Mar 1, 2005

File Formats for Digital Imaging

A site called Earthbound Light has a nice article on different formats for digital photos. Newcomers to digital cameras are often perplexed by terms such as JPEG, TIFF, RAW. Worth a read if you want to make sure you're choosing the best format for you.

One of many confusing decisions confronting the new user of a higher-end digital camera is the choice of what file format to use. In order to decide, you'll first need to know a bit about each.

Most every digital camera supports JPEG capture. JPEG stands for the organization that developed the format, the "Joint Photographic Experts Group ." I've written previously about JPEG files and have probably impressed on at least some that they are not a good format for image editing. JPEG is a "lossy" compression algorithm that discards at least some information every time you resave it. It makes a very good capture format though. Since the files are small, you can fit a lot of them on even a modest sized compact flash card. For the same reason, you can also fit more in the camera's internal buffer, meaning you can shoot more images in a row without having to wait for them to be moved to the CF card. And guess what? They take less time to write as well.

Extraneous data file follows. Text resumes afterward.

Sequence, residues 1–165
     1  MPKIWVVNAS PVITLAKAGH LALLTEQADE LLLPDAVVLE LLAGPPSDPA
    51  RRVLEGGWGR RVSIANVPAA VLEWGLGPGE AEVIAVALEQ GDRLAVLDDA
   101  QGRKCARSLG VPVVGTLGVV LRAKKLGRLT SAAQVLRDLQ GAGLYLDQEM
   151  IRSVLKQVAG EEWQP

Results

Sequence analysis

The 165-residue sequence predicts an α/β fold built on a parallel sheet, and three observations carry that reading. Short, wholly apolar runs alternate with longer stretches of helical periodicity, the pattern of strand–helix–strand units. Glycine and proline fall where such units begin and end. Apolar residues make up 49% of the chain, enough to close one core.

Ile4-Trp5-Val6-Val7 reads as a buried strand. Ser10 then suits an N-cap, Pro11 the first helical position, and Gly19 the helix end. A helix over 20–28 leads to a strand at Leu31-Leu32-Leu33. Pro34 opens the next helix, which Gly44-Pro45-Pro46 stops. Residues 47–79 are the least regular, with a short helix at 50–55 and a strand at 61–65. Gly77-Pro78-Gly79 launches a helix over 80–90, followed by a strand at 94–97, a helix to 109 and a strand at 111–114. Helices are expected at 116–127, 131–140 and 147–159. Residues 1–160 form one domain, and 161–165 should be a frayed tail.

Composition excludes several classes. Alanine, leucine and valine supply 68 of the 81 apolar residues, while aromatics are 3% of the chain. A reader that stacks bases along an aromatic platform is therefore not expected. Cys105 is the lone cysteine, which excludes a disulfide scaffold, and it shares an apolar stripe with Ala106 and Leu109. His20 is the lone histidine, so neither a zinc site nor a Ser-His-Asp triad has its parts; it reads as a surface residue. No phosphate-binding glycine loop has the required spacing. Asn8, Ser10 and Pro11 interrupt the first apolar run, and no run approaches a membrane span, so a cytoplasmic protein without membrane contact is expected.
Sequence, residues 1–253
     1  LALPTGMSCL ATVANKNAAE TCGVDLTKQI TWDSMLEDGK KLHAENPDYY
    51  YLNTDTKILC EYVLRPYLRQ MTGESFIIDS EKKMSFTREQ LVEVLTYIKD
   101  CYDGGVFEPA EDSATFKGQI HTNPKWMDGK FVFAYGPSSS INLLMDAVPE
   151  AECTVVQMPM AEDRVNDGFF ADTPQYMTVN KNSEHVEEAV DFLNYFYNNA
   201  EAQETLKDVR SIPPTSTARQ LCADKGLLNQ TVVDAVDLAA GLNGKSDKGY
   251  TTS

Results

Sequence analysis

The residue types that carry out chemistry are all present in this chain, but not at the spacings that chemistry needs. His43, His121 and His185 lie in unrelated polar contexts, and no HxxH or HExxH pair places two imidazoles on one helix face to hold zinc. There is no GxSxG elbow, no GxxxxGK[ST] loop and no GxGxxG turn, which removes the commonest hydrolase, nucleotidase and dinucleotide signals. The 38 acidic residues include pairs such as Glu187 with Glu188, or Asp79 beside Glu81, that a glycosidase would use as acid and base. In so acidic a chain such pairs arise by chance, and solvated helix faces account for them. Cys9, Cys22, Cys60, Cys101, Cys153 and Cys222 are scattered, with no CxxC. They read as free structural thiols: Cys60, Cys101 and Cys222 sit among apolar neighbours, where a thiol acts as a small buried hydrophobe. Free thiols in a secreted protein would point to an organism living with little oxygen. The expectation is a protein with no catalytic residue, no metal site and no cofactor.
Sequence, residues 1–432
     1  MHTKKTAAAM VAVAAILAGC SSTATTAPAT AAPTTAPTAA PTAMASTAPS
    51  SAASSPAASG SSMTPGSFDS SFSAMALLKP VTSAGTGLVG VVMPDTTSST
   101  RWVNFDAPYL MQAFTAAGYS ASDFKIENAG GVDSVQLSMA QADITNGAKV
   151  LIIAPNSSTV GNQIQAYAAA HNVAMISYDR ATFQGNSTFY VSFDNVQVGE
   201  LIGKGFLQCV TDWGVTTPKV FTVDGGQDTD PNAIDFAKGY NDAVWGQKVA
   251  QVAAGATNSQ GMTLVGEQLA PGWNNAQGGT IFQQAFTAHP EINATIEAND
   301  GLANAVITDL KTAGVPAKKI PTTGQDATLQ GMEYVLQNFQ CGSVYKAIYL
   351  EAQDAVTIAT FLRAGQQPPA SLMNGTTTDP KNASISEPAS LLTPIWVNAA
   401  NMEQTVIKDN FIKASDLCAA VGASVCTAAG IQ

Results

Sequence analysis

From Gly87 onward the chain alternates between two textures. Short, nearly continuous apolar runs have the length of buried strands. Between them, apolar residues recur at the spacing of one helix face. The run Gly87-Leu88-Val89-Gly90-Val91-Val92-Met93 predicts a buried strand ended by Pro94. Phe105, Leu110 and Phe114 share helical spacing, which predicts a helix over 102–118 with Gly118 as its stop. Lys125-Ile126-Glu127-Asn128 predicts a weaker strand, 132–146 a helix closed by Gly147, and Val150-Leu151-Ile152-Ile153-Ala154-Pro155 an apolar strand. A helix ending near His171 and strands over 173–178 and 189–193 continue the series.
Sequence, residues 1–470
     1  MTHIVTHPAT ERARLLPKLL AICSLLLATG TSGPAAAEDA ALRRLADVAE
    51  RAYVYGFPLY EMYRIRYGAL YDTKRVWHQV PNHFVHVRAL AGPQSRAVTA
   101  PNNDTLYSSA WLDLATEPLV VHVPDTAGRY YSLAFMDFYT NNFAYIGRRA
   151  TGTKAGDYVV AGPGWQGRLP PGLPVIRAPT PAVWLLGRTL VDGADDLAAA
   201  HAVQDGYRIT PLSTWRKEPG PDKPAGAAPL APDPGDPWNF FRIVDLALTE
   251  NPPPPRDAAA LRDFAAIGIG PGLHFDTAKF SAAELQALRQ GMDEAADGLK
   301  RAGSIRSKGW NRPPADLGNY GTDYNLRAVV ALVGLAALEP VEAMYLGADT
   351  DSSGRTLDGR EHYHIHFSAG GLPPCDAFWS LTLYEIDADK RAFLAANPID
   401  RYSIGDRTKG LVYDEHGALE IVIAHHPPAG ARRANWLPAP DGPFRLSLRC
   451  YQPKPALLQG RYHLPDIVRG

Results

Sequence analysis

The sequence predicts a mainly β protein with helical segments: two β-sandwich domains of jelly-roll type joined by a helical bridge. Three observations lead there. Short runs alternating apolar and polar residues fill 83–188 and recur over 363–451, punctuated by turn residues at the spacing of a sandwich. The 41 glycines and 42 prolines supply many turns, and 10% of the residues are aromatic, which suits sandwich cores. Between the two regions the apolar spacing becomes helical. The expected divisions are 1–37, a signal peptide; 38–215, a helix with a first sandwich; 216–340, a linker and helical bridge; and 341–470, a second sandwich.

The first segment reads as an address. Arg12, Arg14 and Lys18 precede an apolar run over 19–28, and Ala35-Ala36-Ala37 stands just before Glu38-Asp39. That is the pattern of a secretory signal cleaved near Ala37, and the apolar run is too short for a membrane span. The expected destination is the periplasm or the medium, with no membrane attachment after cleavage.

With JPEG, the camera applies all the settings you have chosen including sharpening, exposure, white balance, color space and so on. All JPEG images are 8-bits per channel. If you do a good job taking the picture and get it right in camera, all is well, just as it is would be on film. There are better choices though if you want to maximize the potential of your images post-capture. One nice thing about JPEGs though is that they are all but universal in terms of support. You can take the images straight from the camera and use them in a wide variety of applications. Although smaller than other image formats, even jpegs generally have to be downsized some to send by email. A typical JPEG from the Nikon D100 will be between one and three megabytes in size.

If you want to do any editing of your images, it's best to resave them in a format other than JPEG after downloading them to your computer. This way, you get the benefit of small file sizes when it counts in camera, but don't have to live with the image degradation inherent in the jpeg format when you edit them later.
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